DESCRIPTION Four major classes of nerve fibers make specific and characteristic connections with the inner or outer hair cells in the mouse organ of Corti. Each class of nerve fibers develops during a defined window of time, growing between and along supporting cells to reach the hair cell partners. When mature, these neuronal connections accurately link tonotopically arranged regions in the organ of Corti with corresponding regions in the brain stem. Such specificity during development is of prime importance in assuring normal auditory function, but the cellular and molecular processes which guide the growth of nerve fibers in the cochlea are largely unknown. It is the working hypothesis of this project that interactions between adhesive molecules on nerve fibers and those in the microenvironments surrounding nerve fibers facilitate neuronal outgrowth and pathfinding in the mammalian cochlea. The long range strategy is: 1) to identify likely molecular candidates in the cochlea; and 2) to assess the roles of these molecules in neurite outgrowth, bundling, pathfinding and target recognition. In the previous project period, the distributions of extracellular matrix (ECM) proteins and cell surface adhesion molecules in the cochlea were mapped. The developmental distributions in regions where afferent growth cones change association or directions suggested specific roles for each of the molecules under study. In this project period, it is proposed to further test the predictions of the working hypothesis by examining cochlear neural development in three model systems: in knockout mice lacking specific adhesion molecules, in perturbation (blocking) studies in cochlear organ culture, spiral ganglion explant and dissociated cell cultures; in spiral ganglion explant and dissociated cell cultures maintained on different artificial substrates. The project will also continue to examine, by immunohistochemistry, the distributions of cell surface adhesive molecules in the cochlear regions where directional choices are made by neuronal growth cones. The questions addressed in this project are important for understanding normal and abnormal neural development in the cochlea, and thus are important for understanding the mechanisms of congenital deafness. But in addition, the results will be relevant to questions of neural regeneration and bear on experimental attempts to encourage re-establishment of functional nerve fiber networks in the cochlea after nerve damage.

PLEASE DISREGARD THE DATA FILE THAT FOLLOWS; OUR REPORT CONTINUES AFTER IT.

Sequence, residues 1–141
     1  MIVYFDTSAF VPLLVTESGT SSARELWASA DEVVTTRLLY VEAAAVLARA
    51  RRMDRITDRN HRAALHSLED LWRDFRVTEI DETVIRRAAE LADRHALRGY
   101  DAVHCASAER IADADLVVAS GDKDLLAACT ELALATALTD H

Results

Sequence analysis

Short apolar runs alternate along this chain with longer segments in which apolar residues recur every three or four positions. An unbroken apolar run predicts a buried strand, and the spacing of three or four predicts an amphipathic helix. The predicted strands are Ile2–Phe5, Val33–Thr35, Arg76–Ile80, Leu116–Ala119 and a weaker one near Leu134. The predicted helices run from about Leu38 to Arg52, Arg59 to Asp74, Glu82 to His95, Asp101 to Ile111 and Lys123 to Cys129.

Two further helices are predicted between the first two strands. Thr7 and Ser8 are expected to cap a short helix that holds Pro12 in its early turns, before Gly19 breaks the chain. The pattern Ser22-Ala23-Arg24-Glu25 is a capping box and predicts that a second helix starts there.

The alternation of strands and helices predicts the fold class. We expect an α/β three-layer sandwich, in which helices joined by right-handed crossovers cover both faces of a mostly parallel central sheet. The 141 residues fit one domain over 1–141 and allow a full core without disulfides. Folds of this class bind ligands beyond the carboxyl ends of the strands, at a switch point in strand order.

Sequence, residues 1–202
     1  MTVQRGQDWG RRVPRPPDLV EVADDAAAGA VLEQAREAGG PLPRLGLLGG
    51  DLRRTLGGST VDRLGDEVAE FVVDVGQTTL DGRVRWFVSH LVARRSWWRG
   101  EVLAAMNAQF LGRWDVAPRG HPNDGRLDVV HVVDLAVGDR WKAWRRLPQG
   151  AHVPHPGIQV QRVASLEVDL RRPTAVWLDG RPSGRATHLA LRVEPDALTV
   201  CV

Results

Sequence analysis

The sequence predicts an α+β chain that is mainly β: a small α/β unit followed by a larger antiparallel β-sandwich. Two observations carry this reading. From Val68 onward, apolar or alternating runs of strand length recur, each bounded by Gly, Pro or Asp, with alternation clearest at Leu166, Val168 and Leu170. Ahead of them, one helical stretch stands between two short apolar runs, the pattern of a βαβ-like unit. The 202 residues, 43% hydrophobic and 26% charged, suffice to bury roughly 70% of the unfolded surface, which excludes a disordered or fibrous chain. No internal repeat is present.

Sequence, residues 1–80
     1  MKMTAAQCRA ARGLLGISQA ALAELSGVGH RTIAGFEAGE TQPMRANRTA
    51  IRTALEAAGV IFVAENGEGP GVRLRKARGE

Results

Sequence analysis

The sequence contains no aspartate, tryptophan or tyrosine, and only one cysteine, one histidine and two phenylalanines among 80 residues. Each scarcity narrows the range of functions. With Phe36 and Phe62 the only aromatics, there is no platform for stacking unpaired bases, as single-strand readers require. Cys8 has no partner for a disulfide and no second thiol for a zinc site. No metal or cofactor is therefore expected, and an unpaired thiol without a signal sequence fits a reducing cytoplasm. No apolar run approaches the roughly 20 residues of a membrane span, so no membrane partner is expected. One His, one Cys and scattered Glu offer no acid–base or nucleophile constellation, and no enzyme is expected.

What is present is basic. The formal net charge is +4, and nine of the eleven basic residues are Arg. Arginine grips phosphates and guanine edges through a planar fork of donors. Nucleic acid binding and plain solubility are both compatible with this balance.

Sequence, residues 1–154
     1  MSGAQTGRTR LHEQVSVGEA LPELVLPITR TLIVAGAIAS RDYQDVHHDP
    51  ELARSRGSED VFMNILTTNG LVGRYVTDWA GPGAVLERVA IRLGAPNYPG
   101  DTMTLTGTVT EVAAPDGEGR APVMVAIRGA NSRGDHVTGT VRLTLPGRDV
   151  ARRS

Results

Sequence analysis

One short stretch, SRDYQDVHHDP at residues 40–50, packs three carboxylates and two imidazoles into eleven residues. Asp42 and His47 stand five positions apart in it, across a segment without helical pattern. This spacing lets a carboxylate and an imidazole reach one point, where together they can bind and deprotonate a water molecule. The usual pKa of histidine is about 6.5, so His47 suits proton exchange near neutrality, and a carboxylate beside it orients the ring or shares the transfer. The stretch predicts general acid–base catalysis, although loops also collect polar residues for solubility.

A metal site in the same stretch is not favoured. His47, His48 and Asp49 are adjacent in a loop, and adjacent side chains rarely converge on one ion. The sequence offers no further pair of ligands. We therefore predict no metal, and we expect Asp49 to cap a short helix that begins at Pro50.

|Effective start/end date||4/1/01 → 3/31/07|
- National Institute on Deafness and Other Communication Disorders (5 R01 DC000653-16)